Tropicana Announces New Jersey iGaming Partnership
As the clock ticks down toward the date when real-money online gambling goes live in New Jersey, another partnership between an Atlantic City land-based property and a gaming venture has been announced.
This time it’s the Tropicana announcing an alliance. The company has entered into an online gambling agreement with Gamesys Limited, the operator of jackpotjoy.com, according to Bloomberg Businessweek news.
British company eager to get underway in United States
UK-based Gamesys is thrilled to be moving into the burgeoning U.S. online gambling market, said Noel Hayden, who both founded and serves as the CEO for Gamsys. Fun fact: the company was the first to offer real-money online wagering via Facebook, says Bloomberg.
“We have always sought ambitious partners and Tropicana Atlantic City is a great partner,” Hayden remarked as news of the deal broke.
Tropicana also praises the deal
As word of the agreement spread this week, the Tropicana also touted the deal as being a step forward.
Tropicana’s president, Tony Rodio, remarked of the partnership, “Gamesys has a proven track record in the UK of providing excellent products and customer service and we look forward to launching Tropicana’s Internet gaming business with them.”
All twelve casinos in Atlantic City now have agreements in place
With only about three months remaining before the online betting websites are expected to go live, the New Jersey Department of Gaming Enforcement is reporting that all twelve land-based casinos in the state’s gaming capitol of Atlantic City have now entered into partnership agreements to operate an Internet betting web site.
Speaking to the press, division spokeswoman Lisa Spengler said every single one of New Jersey’s casinos “have identified an Internet gaming partner and either have entered into a contractual agreement with the partner or remain in negotiations.”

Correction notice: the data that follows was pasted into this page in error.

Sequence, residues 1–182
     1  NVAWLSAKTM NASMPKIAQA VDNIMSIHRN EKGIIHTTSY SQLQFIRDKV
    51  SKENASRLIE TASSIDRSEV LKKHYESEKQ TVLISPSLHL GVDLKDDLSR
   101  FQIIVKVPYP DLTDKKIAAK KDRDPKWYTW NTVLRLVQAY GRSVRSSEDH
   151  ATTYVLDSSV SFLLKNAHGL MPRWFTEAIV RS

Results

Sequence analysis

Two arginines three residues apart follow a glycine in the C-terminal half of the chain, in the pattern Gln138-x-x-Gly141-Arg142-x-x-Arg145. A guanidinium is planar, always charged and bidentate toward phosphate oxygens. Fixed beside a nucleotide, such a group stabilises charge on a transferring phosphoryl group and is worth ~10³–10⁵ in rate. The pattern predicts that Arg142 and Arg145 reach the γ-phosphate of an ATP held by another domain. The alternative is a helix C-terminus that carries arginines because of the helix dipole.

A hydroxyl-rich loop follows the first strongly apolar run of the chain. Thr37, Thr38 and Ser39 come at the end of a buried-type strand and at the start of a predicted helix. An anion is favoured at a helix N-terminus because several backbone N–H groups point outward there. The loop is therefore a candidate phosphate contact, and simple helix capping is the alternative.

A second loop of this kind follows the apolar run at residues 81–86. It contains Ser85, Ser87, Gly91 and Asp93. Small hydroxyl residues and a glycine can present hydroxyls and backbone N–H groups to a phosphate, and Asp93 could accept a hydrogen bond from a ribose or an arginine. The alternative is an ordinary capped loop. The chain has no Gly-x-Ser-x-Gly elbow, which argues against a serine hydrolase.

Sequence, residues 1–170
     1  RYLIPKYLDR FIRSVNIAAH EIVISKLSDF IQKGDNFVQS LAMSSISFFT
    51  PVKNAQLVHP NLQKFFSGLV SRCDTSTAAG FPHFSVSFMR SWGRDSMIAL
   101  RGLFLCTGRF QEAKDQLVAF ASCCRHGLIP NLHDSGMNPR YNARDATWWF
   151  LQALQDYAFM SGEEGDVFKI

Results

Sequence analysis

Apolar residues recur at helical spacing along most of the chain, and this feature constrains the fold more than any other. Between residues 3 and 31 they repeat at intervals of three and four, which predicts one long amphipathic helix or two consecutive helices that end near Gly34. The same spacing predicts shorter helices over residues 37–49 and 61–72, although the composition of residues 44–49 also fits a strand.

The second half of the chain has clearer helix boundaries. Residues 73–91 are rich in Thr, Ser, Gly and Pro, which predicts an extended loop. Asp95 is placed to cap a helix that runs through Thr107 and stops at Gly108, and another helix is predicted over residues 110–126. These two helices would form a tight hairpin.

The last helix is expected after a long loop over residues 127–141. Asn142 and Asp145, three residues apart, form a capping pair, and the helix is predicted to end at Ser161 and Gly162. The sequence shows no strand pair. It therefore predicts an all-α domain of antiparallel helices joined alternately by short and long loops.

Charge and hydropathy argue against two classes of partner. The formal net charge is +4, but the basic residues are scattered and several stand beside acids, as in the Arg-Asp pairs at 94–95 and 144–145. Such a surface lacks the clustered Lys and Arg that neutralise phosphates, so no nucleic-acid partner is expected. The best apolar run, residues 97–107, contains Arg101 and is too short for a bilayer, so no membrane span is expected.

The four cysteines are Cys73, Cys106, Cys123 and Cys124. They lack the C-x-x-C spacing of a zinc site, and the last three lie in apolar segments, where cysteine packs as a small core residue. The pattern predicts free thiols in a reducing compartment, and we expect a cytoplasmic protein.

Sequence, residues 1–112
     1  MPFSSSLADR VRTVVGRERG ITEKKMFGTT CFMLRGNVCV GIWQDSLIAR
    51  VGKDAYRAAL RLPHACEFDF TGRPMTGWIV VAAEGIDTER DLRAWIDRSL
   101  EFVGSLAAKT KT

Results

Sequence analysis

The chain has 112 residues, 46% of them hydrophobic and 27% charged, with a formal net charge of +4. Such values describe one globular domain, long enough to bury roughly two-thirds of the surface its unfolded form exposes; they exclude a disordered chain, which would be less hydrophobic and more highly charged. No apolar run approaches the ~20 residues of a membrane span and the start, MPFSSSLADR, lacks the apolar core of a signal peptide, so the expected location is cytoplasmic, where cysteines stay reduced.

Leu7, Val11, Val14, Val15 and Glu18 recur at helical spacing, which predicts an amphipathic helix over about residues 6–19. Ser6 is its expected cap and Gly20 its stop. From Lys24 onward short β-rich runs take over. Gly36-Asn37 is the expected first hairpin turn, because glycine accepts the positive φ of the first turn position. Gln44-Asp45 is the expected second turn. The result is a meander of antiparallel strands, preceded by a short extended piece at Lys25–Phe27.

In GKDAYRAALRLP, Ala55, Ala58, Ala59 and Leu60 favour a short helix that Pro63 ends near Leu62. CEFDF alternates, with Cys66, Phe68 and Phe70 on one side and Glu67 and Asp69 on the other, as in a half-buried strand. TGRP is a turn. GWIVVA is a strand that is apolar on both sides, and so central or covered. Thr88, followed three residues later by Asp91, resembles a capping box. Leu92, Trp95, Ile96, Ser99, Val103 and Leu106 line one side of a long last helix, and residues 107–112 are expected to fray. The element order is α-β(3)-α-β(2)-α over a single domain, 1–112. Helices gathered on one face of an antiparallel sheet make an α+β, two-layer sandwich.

Online betting predicted to inject revenue into Atlantic City
When Internet wagering goes live in the Garden State, it is expected to be a boon to the state’s struggling casino industry. Since peaking in 2006, revenue numbers have steadily declined as gamblers who once frequented the city and its legendary boardwalk chose instead to drive roughly an hour to Pennsylvania, where casino gambling has expanded rapidly in recent years.
With many bettors preferring the newer, more modern casino properties in the Philadelphia area, Atlantic City has struggled to stay afloat. Its newest property, the $2.4 billion Revel, was bankrupt less than one year after its lavish April, 2012 opening. With a plan to be profitable by 2014 that hinges upon, amongst other things, a reversal of a smoking ban, Revel was able to exit quickly from bankruptcy by arranging with creditors to swap debt for equity.
While it remains to be seen whether the introduction of comprehensive Internet wagering to the Garden State will revive its flagging casino economy by introducing younger, more tech-savvy gamblers to the market, industry experts and pundits expect that casinos in Atlantic City may begin to see improvement as a resulted of regulated iGaming.
So far, real-money Internet gambling has only gone live in one state – Nevada, and only online poker there. Once New Jersey’s betting web sites are up and running, it will be the largest state, population-wise, to offer such entertainments to residents.
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